The original car is a ‘77 Porsche 911, but has been given the RWB styling treatment with a Backdate Body Kit, a Long Hood conversion, and some ivory paint from a Porsche 1957. It’s sitting on 17” BBS RS wheels with some meaty Toyo Tires. It also has such a nice interior with Burberry inserts on the seats from a Porsche 356 Speedster.


Bisimoto Porsche 935


If you follow the Hoonigans, or Bisomoto himself you may have already seen his wild Porsche 935. It’s the first 935 conversion to this level. A lot about the car you can tell from the styling. This was designed to be fast, and designed to be noticed. It was originally a 1986 Porsche 911, which Bisi put a body from Kremer Racing, it has a 475 kW, 635hp electric motor with components from EV West. It’s got a set of Brixton Forged wheels and StopTEch brakes. 


Such a wild car.

The Mk1 Cortina


The Ford Cortina was produced and sold in the UK and was the best selling car of the 1970s. It’s a very pretty sedan that Charged Garage in Brisbane, Australia has converted to electric. It’s a 1965 Mk1 1500 four-door. It’s got a 93-mile range. It’s got a Hyper9 electric motor and is powered by Tesla batteries. I like this conversion for its uniqueness.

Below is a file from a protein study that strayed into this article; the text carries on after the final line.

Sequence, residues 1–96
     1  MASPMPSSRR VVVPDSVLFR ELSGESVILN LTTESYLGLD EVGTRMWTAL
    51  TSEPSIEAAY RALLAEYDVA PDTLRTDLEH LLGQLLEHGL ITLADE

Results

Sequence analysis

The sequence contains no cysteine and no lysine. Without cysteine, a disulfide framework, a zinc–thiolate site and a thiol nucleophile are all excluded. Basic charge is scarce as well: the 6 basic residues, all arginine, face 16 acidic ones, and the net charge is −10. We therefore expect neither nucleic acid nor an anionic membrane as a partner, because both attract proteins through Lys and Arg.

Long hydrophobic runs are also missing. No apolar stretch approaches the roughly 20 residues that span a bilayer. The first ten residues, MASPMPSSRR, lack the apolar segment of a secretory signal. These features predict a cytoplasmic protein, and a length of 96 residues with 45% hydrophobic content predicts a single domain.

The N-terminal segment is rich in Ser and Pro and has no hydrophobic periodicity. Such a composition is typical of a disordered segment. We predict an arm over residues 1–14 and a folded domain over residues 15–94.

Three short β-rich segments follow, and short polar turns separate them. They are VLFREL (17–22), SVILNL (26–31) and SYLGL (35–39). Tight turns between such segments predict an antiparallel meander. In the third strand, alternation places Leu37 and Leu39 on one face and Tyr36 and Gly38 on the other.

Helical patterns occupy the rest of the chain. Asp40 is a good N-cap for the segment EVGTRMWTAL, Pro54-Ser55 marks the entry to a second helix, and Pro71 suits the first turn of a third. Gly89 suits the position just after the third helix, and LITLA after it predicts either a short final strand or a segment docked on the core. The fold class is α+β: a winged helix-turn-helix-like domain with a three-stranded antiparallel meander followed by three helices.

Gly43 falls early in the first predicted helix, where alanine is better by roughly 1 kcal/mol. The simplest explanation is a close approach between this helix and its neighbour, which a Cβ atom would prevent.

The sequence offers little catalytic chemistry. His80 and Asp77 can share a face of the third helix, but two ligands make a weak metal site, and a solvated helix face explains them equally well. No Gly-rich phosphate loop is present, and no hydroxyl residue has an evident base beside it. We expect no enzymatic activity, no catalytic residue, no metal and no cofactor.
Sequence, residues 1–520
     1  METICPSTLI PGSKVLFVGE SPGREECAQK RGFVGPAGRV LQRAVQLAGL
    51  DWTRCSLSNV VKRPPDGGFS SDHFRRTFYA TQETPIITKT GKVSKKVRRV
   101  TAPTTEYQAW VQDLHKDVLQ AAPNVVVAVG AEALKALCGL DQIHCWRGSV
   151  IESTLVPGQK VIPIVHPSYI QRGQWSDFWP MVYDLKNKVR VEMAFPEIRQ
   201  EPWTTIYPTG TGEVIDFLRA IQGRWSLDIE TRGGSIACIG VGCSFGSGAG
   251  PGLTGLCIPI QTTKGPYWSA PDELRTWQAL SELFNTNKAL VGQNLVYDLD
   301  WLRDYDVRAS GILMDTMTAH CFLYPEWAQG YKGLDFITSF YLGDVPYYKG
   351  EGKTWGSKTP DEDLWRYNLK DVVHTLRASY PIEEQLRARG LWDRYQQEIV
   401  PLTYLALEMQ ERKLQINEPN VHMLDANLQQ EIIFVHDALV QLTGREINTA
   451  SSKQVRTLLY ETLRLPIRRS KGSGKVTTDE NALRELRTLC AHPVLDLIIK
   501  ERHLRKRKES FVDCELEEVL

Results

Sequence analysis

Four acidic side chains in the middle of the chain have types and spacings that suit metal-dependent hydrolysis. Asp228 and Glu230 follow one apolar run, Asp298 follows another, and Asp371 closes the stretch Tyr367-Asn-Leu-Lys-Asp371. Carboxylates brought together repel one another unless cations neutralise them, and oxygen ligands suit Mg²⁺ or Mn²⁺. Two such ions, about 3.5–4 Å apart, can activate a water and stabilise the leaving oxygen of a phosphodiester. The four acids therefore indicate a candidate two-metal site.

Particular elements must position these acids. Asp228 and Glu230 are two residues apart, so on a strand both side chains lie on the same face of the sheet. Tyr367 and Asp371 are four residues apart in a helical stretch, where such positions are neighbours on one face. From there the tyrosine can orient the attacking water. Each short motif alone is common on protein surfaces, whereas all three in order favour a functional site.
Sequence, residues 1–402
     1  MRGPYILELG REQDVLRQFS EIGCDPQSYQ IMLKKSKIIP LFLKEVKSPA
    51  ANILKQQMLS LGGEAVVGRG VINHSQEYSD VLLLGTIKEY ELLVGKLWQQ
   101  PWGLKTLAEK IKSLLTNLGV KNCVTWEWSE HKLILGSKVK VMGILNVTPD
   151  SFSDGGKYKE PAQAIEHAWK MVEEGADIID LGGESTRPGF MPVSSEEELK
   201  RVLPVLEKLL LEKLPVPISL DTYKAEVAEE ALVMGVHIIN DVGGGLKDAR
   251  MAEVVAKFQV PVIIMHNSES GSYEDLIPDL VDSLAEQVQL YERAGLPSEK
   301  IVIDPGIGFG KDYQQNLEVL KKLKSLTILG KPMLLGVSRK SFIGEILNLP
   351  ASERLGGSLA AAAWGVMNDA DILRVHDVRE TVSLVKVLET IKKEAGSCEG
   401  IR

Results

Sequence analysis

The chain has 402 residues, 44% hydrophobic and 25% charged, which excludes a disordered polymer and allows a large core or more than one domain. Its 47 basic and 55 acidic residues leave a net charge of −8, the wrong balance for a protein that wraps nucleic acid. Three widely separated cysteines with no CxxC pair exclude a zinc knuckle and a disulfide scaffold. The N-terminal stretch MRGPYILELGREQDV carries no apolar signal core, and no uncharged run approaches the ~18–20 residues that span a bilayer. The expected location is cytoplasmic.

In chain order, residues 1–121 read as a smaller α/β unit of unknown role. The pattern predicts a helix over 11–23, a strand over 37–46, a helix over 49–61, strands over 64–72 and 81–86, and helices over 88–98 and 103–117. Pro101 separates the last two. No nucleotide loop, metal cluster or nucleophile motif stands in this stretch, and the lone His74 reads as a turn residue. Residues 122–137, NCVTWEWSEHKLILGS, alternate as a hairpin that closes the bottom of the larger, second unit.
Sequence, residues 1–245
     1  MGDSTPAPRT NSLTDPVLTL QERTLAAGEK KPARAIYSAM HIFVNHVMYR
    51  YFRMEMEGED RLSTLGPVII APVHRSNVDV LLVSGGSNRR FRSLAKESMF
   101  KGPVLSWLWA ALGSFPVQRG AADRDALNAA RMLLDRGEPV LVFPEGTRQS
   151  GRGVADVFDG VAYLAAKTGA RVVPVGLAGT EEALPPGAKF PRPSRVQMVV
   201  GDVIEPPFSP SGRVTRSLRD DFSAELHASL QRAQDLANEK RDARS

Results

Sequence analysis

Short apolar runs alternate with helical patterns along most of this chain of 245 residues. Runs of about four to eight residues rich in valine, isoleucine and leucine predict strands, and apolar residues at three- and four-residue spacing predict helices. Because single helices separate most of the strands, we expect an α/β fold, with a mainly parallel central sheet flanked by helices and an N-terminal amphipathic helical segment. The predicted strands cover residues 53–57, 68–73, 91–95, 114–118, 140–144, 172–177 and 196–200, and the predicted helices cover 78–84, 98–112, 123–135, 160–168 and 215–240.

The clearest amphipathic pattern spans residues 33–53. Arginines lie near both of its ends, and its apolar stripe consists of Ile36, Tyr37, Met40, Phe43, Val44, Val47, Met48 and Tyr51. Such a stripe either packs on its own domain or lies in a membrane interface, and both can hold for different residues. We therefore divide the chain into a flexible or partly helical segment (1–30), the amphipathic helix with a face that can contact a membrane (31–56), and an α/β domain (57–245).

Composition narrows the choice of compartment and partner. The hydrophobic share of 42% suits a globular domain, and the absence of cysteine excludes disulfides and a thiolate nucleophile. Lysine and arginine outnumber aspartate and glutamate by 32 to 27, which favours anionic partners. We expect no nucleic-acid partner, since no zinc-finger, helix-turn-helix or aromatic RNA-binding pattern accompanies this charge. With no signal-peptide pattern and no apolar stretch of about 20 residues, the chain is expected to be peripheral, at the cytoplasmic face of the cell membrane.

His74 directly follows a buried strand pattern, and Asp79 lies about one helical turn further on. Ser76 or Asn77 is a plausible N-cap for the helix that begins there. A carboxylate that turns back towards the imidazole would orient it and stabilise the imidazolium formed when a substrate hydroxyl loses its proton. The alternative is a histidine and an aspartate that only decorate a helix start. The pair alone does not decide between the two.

Dowsett’s Comet

This is a collaboration between Art Anstead’s Dowsetts Classic Cars and EV West. Art has described as a “brand new (but classic) hand made electric sportscar”. The original Comet was developed with an LS3 V8 gasoline engine, but now is using a Tesla motor in the rear. The team is still working on this car and it will be interesting to see where it goes. It’s a beautiful car though.

DMC Electric Delorean


After working on the Teslonda, Jacob Graham found another home for an electric motor in this AC/DMC Delorean. It was initially in terrible shape with a blown motor, a bad wiring harness, bad clutch, and was virtually undrivable. Essentially a full rebuild was needed. Jacob first built a 250kw inverter to drive a Nissan Leaf motor. Once that worked he installed the motor a Leaf battery back, and the inverter into the car.

Conclusion


What cars would you like to see converted to electric? With the right kind of money (which I sure don’t have) anything is possible. Which one of these were your favorite? I think the Enfield has my heart. It’s wild.